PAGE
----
Free EV charging station launched in Bronzeville, as ComEd plans $3M investment in switch to electric power


At a new charging station unveiled Wednesday in Bronzeville — the first of five ComEd has committed to installing in the area — announced the utility is planning to invest millions in getting drivers in the state to switch to electric-powered vehicles.

At the ribbon-cutting for the free Multi-Unit Dwelling charging station, located near 43rd Street and Calumet Avenue, ComEd officials said they plan to spend $300 million over three years to encourage transit agencies, school buses and Illinois drivers to switch to electric vehicles .

The charging station was installed with help from a federal grant and is part of ComEd’s Bronzeville of the Future project, which was launched in 2016 with the goal of turning the South Side neighborhood into a “smart community.”

As part of that project, ComEd said Bronzeillve would eventually be the home of the utility’s first solar-powered microgrid, making it possible for the community to be energy independent from the rest of the city and provide backup power if needed. Other initiatives that have already been completed include the installation of three interactive kiosks in the area that provide free WiFi, community updates and information about public transportation routes.

Michelle Blaise, senior vice president for technical services at ComEd, said Illinoisans have many questions about the switch to electric vehicles, which is the utility hopes they can help answer.

“While this transformation in transportation can be intimidating, Illinoisans know that moving to clean energy technologies is urgent… And we know that these disadvantaged communities have for too long borne the brunt of pollution emissions,” Blaise said.

Vehicles now state’s No. 1 source of air pollution

ComEd has submitted a proposal to the Illinois Commerce Commission (ICC), which regulates thestate’s public utilities, to spend $100 million each year for three years to lower pollution levels and support an increased adoption of EVs, ComEd officials said.

The utility’s proposed plan works towards goals set by the state’s Climate and Equitable Jobs Act, passed last August, which includes a goal to have 1 million electric vehicles operating in the state by 2030.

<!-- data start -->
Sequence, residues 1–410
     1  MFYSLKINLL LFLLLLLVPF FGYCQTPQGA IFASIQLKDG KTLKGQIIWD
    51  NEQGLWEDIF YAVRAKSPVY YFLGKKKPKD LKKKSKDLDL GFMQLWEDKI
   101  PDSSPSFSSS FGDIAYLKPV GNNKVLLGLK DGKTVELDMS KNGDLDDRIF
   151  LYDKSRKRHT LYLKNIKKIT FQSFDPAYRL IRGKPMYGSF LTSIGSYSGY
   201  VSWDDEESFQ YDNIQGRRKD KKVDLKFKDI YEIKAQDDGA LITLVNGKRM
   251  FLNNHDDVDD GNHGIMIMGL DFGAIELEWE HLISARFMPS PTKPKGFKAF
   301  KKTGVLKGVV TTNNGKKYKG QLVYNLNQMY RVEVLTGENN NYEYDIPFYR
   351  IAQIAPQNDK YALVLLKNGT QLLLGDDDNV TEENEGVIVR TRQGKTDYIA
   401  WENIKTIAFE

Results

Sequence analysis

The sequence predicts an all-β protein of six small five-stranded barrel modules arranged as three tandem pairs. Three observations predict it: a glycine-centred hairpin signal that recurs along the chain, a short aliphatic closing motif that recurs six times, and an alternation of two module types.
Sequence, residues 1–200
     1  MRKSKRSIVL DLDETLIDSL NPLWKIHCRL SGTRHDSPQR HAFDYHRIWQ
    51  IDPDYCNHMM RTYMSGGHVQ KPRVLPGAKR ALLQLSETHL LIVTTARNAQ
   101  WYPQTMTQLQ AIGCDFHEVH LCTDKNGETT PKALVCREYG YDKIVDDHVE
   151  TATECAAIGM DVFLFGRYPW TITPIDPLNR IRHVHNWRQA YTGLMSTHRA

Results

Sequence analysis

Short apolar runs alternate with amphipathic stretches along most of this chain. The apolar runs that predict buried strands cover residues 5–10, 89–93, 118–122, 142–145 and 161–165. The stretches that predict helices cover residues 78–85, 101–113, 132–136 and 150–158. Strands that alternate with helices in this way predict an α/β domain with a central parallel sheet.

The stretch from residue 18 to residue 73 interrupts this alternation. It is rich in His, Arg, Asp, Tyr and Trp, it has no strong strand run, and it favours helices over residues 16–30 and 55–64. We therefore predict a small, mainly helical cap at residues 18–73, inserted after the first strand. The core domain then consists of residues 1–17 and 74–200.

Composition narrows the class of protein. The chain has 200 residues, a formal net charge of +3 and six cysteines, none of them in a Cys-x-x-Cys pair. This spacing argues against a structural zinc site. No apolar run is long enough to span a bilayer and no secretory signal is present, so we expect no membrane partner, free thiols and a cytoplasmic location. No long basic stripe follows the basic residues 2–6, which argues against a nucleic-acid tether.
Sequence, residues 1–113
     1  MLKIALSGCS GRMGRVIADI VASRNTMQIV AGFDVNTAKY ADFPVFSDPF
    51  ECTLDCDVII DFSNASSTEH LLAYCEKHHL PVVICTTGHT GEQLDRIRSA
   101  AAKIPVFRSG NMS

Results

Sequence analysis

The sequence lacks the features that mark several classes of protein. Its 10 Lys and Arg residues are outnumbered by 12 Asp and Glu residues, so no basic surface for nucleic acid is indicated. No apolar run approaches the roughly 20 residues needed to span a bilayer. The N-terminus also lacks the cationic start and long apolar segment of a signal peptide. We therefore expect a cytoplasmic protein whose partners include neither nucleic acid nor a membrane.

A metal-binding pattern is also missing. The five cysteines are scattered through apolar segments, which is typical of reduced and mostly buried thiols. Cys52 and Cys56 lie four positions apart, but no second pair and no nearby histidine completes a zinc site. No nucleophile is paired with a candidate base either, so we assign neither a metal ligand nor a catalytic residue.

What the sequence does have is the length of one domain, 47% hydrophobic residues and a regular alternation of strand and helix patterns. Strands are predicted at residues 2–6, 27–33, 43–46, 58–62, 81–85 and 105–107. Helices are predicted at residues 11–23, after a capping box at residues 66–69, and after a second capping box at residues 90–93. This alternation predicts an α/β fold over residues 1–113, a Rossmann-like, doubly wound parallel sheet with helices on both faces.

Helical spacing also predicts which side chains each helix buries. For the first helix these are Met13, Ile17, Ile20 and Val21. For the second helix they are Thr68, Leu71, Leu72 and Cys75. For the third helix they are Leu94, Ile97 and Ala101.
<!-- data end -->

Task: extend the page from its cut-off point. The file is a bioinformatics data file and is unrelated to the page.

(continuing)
A decision by the ICC on the proposed plan will be made by March 2023.

“Our plan also dedicates a significant portion of funds to support conversion of fleets for large customers such as commercial businesses, school districts, cities and towns and more,” Blaise said. “[These] are among the biggest drivers of vehicle carbon emissions pollution today and are the largest impact to health issues seen in our most vulnerable communities.”

ComEd itself has pledged to switch half of their vehicles to EVs by 2030.

According to Blaise, equity will be the project’s “northstar” in the allocation of funds. At least 40% of the funding will be targeted to low-income communities, and to the communities that face “the greatest barriers” in accessing EVs.

Part of the funds will also go to “empower” the state’s residents to make the switch to EVs by providing information about electric vehicles.

The new free EV charger in Bronzeville was installed as part of a US Department of Energy grant to help study EV usage patterns. It is the first charger of five that will be installed in the area.

Illinois has cut air pollution levels from fossil fuel power plants, but vehicles now rank number one as the top carbon pollution culprit in the state, Brian Urbaszewski, director of Environmental Health Programs at Respiratory Health Association, said.

“Summer has barely begun and we’ve already seen eight days where the EPA is deemed unhealthy for many people to breathe the air in a metro area of ​​over 9 million people,” he said.

A study done by his organization recently found that black children visited the emergency room with severe asthma attacks over four times more often than white children over the last several years.

“People in these communities faced discrimination for decades, leading to lower incomes, greater health problems and shorter lives only because of the color of their skin, or the language they spoke,” Urbaszewski said. “What it really comes down to is that nobody should have to breathe dirty air.

“We set a goal — getting a million EVs on the road by 2030 here in Illinois, that’s a lot. And we need to start yesterday.”

State incentivizing switch to electric

Residents in vulnerable pollution areas and low-income neighborhoods will also have access to incentives to offset the upfront extra cost of electric vehicles as part of the proposed plan. Specifics on the proposed incentives have not been provided.

New EVs typically run about $10,000 more than the car industry’s average, but experts hope the prices will fall decrease as more electric vehicles hit the market in coming years.

In addition to federal tax credits, Illinois residents can receive up to a $7,500 rebate check from the state after they purchase an electric vehicle.

Additionally, ComEd leaders said, rising gas prices have made EVs even more economical.

Mariah Rush is a staff reporter at the Chicago Sun-Times via Report for Americaa not-for-profit journalism program that aims to bolster the paper’s coverage of communities on the South and West sides.

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